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Authorship/referencing Having developed the model over many years prior, David Kolb published his learning styles model in 1984.
Accordingly - especially if you are working with young people - use systems and methods with care.
Our learning style is a product of these two choice decisions: The combination of these two choices produces a preferred learning style. It's often easier to see the construction of Kolb's learning styles in terms of a two-by-two matrix.
The diagram also highlights Kolb's terminology for the four learning styles; diverging, assimilating, and converging, accommodating: Thus, for example, a person with a dominant learning style of 'doing' rather than 'watching' the task, and 'feeling' rather than 'thinking' about the experience, will have a learning style which combines and represents those processes, namely an 'Accommodating' learning style, in Kolb's terminology.
Kolb says that ideally (and by inference not always) this process represents a learning cycle or spiral where the learner 'touches all the bases', ie., a cycle of experiencing, reflecting, thinking, and acting.
In this respect, Kolb's model is particularly elegant, since it offers both a way to understand individual people's different learning styles, and also an explanation of a cycle of experiential learning that applies to us all.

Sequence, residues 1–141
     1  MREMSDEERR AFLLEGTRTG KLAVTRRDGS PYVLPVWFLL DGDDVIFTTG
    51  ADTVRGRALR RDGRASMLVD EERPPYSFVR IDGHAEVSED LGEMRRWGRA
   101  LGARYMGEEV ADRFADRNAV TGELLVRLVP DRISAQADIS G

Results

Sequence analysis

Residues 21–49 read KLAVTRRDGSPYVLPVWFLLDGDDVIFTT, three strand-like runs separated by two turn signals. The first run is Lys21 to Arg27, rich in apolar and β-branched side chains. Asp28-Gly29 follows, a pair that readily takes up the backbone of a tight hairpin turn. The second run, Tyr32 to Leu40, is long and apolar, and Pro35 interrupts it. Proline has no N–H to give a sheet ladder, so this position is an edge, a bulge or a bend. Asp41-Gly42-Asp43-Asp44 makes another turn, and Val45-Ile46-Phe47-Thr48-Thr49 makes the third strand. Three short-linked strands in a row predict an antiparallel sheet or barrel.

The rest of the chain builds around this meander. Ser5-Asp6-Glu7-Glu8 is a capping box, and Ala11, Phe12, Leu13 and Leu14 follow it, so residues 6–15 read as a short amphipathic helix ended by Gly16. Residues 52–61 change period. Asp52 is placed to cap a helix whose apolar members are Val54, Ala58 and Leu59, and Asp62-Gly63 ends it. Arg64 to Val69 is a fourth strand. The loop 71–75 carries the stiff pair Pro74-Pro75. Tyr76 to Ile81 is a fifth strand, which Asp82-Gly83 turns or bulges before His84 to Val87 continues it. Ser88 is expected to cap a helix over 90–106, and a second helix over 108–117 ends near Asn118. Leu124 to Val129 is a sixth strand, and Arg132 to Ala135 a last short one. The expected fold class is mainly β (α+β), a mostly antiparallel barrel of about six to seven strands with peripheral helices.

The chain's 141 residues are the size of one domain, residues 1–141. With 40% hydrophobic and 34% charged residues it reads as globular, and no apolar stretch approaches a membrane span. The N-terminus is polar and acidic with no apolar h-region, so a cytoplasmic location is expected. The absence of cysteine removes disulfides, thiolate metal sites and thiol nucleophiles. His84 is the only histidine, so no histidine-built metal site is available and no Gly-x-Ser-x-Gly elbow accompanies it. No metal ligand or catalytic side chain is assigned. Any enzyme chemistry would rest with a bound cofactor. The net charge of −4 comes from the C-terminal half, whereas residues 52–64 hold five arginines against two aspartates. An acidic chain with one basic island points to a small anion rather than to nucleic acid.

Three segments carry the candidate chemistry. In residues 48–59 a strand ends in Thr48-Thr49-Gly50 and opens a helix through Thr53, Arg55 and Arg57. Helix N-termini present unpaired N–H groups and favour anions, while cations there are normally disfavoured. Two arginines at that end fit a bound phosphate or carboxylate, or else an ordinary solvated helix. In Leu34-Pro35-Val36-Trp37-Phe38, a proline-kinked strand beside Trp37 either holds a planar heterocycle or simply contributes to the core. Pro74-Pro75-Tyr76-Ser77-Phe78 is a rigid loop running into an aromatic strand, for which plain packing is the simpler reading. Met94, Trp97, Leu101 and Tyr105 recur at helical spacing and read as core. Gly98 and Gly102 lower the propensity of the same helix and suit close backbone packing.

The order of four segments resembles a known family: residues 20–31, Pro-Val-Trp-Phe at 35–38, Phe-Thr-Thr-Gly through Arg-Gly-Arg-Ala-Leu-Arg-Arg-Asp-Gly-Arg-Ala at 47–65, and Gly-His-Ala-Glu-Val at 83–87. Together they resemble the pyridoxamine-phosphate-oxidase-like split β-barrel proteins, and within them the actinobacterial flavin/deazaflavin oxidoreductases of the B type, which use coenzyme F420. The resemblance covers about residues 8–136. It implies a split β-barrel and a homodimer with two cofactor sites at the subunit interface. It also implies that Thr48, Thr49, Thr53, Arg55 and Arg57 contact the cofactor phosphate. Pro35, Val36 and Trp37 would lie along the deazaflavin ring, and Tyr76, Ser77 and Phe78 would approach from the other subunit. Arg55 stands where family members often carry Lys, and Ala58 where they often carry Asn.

Kolb includes this 'cycle of learning' as a central principle his experiential learning theory, typically expressed as four-stage cycle of learning, in which 'immediate or concrete experiences' provide a basis for 'observations and reflections'.
These 'observations and reflections' are assimilated and distilled into 'abstract concepts' producing new implications for action which can be 'actively tested' in turn creating new experiences.
These reflections are then assimilated (absorbed and translated) into abstract concepts with implications for action, which the person can actively test and experiment with, which in turn enable the creation of new experiences.
Kolb's model, therefore, works on two levels - a four-stage cycle: and a four-type definition of learning styles, (each representing the combination of two preferred styles, rather like a two-by-two matrix of the four-stage cycle styles, as illustrated below), for which Kolb used the terms: Here is a new improved (May 2006) free diagram illustrating Kolb's learning cycle and learning types (MSWord).
Here are brief descriptions of the four Kolb learning styles: As with any behavioural model, this is a guide not a strict set of rules.